Professor unveils city’s history to energize today’s social reformers
A. Sue Weisler
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The American reform movements of the second half of the 1800s were incredibly influential in expanding civil rights and legal protection to African Americans, women, immigrants and children, and improved the lives of millions of Americans. Few cities were as important to the development and promotion of these reform efforts as Rochester.
“While Rochester is best known today as a hub of technical innovation, it was arguably the ‘reform capital’ of 19th century America,” notes Richard Newman, professor of history at RIT.
Newman is seeking to increase understanding of Rochester’s key role in American reform history, particularly among K-12 educators and their students.
Working with Joe Torre, assistant professor of history at the State University of New York at Brockport, Newman will co-direct a 2011 National Endowment for the Humanities Landmarks Workshop on Rochester’s rich reform legacy. “Abolitionism, Women’s Rights and Religion on the Rochester Reform Trail,” funded by a $150,000 grant, will enable Newman to bring 80 teachers from across the country to RIT for a series of daily seminars and fieldtrips to local landmarks and historic sites.
“The social reform movements of the 19th century influenced nearly every aspect of American culture, from the struggle against slavery and religious revivalism to early versions of the civil rights and women’s rights movements,” Newman says. “These seminars will provide history teachers from around the country with a better understanding of Rochester’s vital role in American reform history and allow them to bring insights from Rochester’s reform trail back to their classrooms.”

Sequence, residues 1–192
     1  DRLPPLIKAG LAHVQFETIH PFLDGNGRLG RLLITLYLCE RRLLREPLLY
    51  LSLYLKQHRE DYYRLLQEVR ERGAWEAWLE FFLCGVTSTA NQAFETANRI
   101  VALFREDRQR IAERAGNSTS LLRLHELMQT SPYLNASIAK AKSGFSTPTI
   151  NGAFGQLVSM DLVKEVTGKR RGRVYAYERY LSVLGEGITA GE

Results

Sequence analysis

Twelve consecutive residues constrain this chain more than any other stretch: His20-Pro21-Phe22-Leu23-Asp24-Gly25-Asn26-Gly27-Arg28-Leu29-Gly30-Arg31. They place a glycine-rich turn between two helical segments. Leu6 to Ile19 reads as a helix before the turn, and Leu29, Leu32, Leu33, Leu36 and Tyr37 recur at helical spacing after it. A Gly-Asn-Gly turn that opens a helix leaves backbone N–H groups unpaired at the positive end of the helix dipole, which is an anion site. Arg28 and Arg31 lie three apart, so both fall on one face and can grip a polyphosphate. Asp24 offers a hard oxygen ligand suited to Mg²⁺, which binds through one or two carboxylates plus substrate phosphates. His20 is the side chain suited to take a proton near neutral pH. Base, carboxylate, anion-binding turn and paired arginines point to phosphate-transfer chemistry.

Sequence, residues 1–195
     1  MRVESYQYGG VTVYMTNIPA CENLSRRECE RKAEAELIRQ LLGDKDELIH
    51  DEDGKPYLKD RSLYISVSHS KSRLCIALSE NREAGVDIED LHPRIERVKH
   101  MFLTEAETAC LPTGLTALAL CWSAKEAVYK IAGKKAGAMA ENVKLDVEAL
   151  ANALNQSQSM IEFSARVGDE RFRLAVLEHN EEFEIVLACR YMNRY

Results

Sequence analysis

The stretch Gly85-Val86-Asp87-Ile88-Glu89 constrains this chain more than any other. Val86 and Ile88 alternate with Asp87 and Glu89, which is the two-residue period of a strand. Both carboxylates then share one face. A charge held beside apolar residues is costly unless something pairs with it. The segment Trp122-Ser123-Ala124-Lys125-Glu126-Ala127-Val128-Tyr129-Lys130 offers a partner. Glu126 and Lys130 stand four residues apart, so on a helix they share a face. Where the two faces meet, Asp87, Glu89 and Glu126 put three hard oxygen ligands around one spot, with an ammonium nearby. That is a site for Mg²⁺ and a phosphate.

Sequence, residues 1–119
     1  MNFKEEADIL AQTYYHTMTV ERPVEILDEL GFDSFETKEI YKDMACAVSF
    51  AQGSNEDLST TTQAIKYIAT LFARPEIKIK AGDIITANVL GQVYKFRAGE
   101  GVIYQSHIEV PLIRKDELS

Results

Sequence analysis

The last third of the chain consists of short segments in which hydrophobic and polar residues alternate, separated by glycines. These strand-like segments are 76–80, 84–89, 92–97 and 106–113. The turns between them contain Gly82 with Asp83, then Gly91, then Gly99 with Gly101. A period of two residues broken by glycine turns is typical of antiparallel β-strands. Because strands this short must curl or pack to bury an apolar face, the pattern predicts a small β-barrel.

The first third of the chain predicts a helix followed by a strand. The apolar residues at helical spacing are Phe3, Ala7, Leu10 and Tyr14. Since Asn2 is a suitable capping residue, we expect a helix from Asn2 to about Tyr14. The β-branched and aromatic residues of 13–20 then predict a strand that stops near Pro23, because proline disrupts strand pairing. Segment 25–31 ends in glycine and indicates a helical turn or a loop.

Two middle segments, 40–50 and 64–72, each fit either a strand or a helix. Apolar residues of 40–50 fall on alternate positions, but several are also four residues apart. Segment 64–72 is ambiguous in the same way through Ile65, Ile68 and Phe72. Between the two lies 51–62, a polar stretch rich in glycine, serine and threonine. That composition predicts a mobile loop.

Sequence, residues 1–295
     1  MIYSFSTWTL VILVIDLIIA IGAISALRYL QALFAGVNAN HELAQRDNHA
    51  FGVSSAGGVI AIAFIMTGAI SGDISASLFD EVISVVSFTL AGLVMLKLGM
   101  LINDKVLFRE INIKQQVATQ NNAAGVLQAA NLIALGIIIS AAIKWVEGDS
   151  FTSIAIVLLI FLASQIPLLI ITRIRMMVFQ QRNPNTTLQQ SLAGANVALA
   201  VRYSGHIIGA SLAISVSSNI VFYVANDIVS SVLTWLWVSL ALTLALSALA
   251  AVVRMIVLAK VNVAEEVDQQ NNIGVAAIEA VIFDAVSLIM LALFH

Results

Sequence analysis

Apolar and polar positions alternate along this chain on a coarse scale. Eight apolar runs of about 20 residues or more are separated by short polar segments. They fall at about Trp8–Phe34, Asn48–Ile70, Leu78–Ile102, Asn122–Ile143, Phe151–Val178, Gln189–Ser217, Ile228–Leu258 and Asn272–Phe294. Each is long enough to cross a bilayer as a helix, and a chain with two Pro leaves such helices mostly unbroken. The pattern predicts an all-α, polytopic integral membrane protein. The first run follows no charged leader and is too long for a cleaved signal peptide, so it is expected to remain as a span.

The summer seminar will include an examination of the artifacts and archives at the Susan B. Anthony House, a visit to Seneca Falls, an analysis of Frederick Douglass’s newspaper writing and a tour of Mount Hope Cemetery, where both Anthony and Douglass are buried.
The workshops are sponsored by the National Endowment for the Humanities’ “We the People” program and provide the opportunity for K-12 educators to engage in intensive study and discussion of important topics in American history and culture. Newman has previously conducted three summer seminars on the abolitionist movement at The Library Company in Philadelphia, one of the nation’s oldest cultural institutions.
“We need to make sure that today’s students understand that modern conceptions of diversity and equality came out of past reform struggles,” Newman notes. “Susan B. Anthony, Frederick Douglass and Charles Grandison Finney all dedicated their lives to improving American society. By studying their stories now, teachers might inspire a new generation of reformers to solve contemporary social problems.”